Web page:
This was another beautiful clear winter’s day when the hard frost did not leave the ground, but continued to sparkle in the sunshine, except for the very open heathland where steam rose offering a misty veil across the backlit landscape. We reprised yesterday’s Ringwood trip, except that I didn’t have my hair cut; I walked further along the Castleman Trailway; and we had our brunches in Bistro Aroma, a much friendlier and more popular cafe, with a greater range of food better cooked. As she drove along the A31 Jackie spotted a hawk atop a fir tree, and likened it to a star on top of a Christmas tree.
It seemed to me that the waters were subsiding a little; just enough for the seagulls to share the fields with crows, and for the ponies to enjoy a little firmer foothold in parts.
As I now knew the way I walked further along the Trailway in the allotted time, managing to reach the edge of Ashley Heath and walk up the hill of pines and heathland by a pukka path provided with a small footbridge that spanned the ditch I had lept yesterday. I was able to look down on the small town before retracing my steps back to the cafe.
Whilst perhaps not quite ‘cold enough to freeze the balls off a brass monkey’, this was definitely extremity-tingling weather. That phrase, incidentally, having nothing to do with cojones, is not as rude as may be thought. The brass monkey was a container for cannon balls on nineteenth century sailing ships. It was made of brass, which the balls were not. Because the two metals froze at different rates the balls would fall from their perch.
Having been revealed by Donna’s attention yesterday, my ears were certainly tingling. She had actually said, when exposing my lugs, that she hoped this wouldn’t make them too cold. Nevertheless, brisk walking, as usual, warmed me up, just as running had in years gone by. Training runs in a track suit were one thing. Running races in sub-zero temperature, clad only in the briefest of running shorts and vest, usually of some unyielding synthetic material, was quite something else. The combination of stinging cold and the friction engendered by clothing on skin could be quite painful. When awaiting a start in conditions such as today, the experienced person wore a black bin-liner until the last available seconds and discarded it before getting into a stride. This was when ‘jogger’s nipple’ was prone to set in. When, even through a vest, exposed to a cold enough temperature, the nipple would react as may be expected. The friction of regular movement would do the rest, and soreness and sometimes bleeding would result. As a runner you just had to grit your teeth and press on. Rather difficult if your gnashers were chattering with cold as you lined up for the off. Men’s particular appendages would also suffer in withering cold. It was not a good idea to jump into a hot shower before you had thawed out somewhat.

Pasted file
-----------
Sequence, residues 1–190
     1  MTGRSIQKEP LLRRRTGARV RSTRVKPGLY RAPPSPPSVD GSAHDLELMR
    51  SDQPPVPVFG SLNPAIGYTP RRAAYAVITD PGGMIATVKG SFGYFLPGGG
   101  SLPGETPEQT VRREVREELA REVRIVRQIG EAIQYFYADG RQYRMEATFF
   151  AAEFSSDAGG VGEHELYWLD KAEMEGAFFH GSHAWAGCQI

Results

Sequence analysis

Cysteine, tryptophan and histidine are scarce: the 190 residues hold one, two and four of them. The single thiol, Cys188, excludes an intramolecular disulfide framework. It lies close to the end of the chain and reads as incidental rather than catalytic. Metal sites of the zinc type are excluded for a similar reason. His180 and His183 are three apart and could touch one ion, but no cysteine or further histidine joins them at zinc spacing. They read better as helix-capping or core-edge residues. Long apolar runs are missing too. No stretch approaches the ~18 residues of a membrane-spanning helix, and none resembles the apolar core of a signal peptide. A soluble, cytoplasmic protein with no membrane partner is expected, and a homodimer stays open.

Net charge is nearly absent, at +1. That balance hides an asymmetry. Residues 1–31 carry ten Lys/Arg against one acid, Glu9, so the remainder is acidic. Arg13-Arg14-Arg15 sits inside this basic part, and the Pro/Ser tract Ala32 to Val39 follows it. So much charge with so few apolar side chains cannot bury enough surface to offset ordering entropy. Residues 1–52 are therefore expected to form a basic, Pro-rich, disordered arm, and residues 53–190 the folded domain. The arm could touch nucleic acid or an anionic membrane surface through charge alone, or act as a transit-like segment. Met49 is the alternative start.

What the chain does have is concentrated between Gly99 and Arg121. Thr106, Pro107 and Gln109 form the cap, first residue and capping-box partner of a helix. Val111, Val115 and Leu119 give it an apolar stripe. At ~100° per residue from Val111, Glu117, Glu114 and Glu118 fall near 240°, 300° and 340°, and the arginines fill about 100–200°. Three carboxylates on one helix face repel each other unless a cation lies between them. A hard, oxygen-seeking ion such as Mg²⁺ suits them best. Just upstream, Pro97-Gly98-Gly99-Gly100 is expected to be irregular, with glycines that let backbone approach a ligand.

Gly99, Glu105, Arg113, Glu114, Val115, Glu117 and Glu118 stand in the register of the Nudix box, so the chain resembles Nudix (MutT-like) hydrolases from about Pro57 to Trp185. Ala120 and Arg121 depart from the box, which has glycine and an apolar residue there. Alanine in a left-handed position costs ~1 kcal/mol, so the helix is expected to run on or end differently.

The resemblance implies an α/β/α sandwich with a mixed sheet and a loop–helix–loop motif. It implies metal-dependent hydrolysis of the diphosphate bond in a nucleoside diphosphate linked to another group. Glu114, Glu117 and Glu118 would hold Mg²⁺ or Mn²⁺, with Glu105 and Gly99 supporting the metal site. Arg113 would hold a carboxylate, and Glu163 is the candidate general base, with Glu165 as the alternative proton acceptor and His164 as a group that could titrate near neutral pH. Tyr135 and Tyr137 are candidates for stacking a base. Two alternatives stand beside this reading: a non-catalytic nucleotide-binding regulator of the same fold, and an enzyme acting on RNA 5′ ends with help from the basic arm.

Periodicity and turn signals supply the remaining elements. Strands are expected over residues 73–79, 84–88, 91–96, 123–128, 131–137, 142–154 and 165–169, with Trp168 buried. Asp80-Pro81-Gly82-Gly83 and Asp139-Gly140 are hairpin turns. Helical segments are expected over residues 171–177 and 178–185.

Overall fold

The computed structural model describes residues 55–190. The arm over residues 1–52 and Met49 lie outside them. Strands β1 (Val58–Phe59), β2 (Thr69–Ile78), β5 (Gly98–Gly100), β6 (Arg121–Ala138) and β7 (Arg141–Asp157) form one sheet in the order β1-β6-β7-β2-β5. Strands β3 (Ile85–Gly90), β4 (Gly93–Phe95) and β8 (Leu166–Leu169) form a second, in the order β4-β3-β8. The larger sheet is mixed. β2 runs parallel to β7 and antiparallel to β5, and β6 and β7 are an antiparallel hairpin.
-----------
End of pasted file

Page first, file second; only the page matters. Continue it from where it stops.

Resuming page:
This evening Jackie produced a flavoursome, hot, chilli con carne. She drank Hoegaarden and I had a glass of Le Pont St Jean minervois 2010.
Helen having recommended the village of Bartley’s Christmas lights, we drove out after dinner to see them. Many of the residents of this location have decked out their gardens and houses with an amazing array of colourful electrical and mechanical celebratory illuminations. Deer, for example, glow with light and move up and down as if grazing. Particularly as street lighting is at a minimum, this alternative serves to guide one round the village. One of the literal highlights of Christmas in Morden was the ritual drive down Lower Morden Lane. House after house seemed to vie with its neighbours in producing similar spectacles. As people of the Muslim faith have moved in, so these displays have reduced, but it is still worth the trip. In Bartley we have found a most satisfactory substitute.